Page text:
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Seeded mussel lines filter seawater from beneath Te Wānanga

Innovative design partnership with Mana whenua shapes downtown Auckland

Published: 20 May 2021

Divers have attached 38 seeded mussel lines to the underside of Te Wānanga, the new public space which reaches out over the water in Quay Street.

With all 600 metres of rope, laden with mussels,  anchored in place, the kūtai / mussels will provide a truly living and organic connection between the city and the harbour.

While not destined for the table, each mature mussel will filter up to 150 to 200 litres of seawater a day taking in phytoplankton for nourishment as well as removing pollutants and acting as bio-indicators of aquatic health in the inner harbour.

The arrival of the mussels marks the beginning of the unveiling of many elements brought to six downtown projects through an innovative design partnership between Mana whenua, Auckland Council and Auckland Transport.

Read more about the partnership here [PDF].

The textured surfaces of Te Wānanga have been designed to encourage the attachment of seaweeds, barnacles and periwinkles and the ropes of green-lipped mussels installed today, signalling a collective intent to improve water quality and biodiversity.

The design partnership sees this innovative work raising public consciousness of natural solutions to created problems, placing these solutions into the most urbanised part of Tāmaki Makaurau and Aotearoa.

Dr Jarrod Walker (Nga Puhi), a marine scientist and technical advisor to Mana whenua has helped deliver the aspirations of Mana whenua as kaitiaki of Te Waitematā. Dr Walker also worked with Richelle Kahui-McConell who recently passed away, but he says her memory and work will not be forgotten.

He says: “Te Waitematā is a taonga tuku iho, and it should be treated as such. Unfortunately, this has not been the case historically. Today, Mana whenua wish to enhance the mauri of Te Waitematā and this project has provided an opportunity to develop practices and methods, grounded in Mātauranga Maori to move toward enhancing the health of the marine environment.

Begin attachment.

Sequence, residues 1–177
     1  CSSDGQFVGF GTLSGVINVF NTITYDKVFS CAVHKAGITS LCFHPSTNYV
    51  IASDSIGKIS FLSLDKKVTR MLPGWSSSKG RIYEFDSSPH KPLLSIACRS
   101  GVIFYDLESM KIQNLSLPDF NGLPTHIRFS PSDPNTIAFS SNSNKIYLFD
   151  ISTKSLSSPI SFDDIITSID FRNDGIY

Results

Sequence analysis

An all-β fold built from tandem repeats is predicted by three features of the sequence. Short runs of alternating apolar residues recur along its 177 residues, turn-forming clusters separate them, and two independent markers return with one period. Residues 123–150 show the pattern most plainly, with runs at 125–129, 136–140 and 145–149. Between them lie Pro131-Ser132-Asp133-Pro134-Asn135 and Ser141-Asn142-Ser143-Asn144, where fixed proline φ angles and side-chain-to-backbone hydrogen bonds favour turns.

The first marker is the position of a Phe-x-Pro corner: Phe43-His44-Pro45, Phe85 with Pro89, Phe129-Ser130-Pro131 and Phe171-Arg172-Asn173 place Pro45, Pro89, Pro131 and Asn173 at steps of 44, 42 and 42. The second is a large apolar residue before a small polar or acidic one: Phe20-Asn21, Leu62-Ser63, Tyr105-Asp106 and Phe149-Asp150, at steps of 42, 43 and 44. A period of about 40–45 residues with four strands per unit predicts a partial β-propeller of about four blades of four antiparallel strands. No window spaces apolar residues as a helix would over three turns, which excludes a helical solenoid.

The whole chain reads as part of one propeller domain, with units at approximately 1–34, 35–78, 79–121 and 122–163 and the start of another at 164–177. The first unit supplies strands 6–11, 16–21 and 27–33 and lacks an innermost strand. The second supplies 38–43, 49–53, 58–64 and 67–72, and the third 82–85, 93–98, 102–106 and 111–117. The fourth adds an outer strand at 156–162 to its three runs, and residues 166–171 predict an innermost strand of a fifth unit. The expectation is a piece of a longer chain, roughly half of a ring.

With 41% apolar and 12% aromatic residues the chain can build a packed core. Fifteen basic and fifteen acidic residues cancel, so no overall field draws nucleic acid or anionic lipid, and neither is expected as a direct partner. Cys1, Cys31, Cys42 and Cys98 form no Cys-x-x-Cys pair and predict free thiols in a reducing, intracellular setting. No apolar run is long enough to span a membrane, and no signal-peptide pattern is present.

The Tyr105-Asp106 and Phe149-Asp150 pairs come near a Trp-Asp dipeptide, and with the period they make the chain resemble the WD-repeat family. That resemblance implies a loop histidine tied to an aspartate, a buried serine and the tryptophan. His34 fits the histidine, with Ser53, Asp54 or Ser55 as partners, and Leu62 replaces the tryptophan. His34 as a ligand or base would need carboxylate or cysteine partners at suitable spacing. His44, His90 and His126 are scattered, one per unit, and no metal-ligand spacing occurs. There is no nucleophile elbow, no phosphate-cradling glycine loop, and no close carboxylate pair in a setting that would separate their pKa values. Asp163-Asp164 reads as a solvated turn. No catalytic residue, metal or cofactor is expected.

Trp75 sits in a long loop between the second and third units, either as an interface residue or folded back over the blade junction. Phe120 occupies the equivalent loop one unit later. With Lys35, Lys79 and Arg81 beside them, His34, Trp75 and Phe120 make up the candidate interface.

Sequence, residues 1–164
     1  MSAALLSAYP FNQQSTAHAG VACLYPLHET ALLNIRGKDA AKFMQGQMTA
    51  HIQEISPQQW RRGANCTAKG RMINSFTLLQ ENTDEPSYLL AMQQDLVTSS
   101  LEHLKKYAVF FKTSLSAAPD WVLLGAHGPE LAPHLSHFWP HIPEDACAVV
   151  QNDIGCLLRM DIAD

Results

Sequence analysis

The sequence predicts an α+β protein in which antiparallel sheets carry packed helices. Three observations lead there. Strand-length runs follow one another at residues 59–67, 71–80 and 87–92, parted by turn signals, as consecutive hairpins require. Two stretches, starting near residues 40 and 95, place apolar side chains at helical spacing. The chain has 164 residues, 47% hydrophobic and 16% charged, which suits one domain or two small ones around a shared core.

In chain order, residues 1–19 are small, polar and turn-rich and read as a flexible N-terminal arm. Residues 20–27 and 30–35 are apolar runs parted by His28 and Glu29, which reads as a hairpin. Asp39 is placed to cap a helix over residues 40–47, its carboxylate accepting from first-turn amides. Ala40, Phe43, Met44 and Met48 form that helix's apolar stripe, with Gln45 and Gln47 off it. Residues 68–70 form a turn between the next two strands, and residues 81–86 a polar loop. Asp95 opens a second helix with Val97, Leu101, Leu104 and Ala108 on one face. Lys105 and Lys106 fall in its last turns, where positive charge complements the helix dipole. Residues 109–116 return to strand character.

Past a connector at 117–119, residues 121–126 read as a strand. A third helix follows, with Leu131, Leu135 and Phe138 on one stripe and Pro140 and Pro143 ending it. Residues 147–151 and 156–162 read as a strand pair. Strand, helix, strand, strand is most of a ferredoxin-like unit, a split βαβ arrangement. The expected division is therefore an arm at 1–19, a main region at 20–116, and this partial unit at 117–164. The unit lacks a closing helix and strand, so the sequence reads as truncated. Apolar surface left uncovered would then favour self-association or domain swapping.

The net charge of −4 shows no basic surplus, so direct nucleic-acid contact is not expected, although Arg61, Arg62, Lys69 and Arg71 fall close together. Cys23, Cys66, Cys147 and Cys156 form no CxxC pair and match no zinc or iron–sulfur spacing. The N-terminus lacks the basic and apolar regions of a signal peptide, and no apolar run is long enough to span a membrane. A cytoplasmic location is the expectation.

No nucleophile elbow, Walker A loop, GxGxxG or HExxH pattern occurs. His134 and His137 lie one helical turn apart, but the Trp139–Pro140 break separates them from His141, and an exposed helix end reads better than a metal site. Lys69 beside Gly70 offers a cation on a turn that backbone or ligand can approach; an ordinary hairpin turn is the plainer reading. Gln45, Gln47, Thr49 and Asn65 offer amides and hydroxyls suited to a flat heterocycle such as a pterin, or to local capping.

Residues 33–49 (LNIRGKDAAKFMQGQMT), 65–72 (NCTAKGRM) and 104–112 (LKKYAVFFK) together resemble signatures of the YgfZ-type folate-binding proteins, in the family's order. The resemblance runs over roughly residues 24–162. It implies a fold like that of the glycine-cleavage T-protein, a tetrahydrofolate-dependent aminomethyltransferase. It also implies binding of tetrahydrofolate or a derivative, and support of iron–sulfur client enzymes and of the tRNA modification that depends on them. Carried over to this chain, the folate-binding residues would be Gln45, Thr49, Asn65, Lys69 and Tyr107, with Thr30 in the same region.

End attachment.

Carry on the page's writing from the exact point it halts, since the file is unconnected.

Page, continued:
“Mana whenua’s name for this area is ‘Te Wānanga’ a place of learning. Mana whenua gifted the name to signify that this space will be an area where people can learn about Mana whenua’s deep connection with Te Waitematā and Tāmaki Makaurau, and for visitors to develop an appreciation for the harbour and to understand that we all need to care for the harbour and the marine environment.

“Mana whenua see the use of kūtai in this space as a step in the right direction to address both current and historic environmental issues impacting the mauri of Te Waitematā. This approach is just one of many programmes Mana whenua are implementing to regenerate the mauri of Te Waitematā,” says Dr Walker.

Marcus Cameron, a project scientist on the trial and a senior aquatic scientist with Tonkin+Taylor describes the remarkable water filtering capacity of mussels.  

“A single mature mussel can filter up to 150 to 200 litres of seawater a day taking in phytoplankton for nourishment as well as removing pollutants. They effectively act as bio-indicators of aquatic health, helping us monitor for any unwanted invasive species in the water,” he says.

The trial began in 2020. Around 100m of seeded mussel lines, weighing approximately 600kg were delivered from the Firth of Thames where North Island Mussels Limited have their operation.

They arrived at Kelly Tarlton’s last June for the start of the trial, where they were immersed in fresh water for 90 minutes as a biosecurity measure to kill any hitchhiking Mediterranean fan worm, invasive sea squirt and Asian kelp.

They then went into a tank of salt water overnight, so they were not stressed when relocated to the harbour. They range in size from 70-110mm and are about 18 months old – an age when mussels are often harvested for eating - but these mussels are not destined for the table.

The following day the seeded ropes were transported to the Maritime Museum where they were blessed by representatives of ngā Mana Whenua o Tāmaki Makaurau. 

Divers attached the kūtai ropes to two waka floats and three pile wraps and assisted in the hanging of the ropes from six pontoons in the Maritime Museum and Ferry Basin. The final batch of kūtai was attached to these structures in late June 2020. 

The 11-month trial was a success, and now 38 seeded mussel lines have made Te Wānanga their new home.

Programme Director Downtown Eric van Essen says: “This outcome captures the potential for Te Wānanga to encourage deeper understanding and appreciation of our different ecosystems and strengthen a living connection between land and sea in Auckland.”

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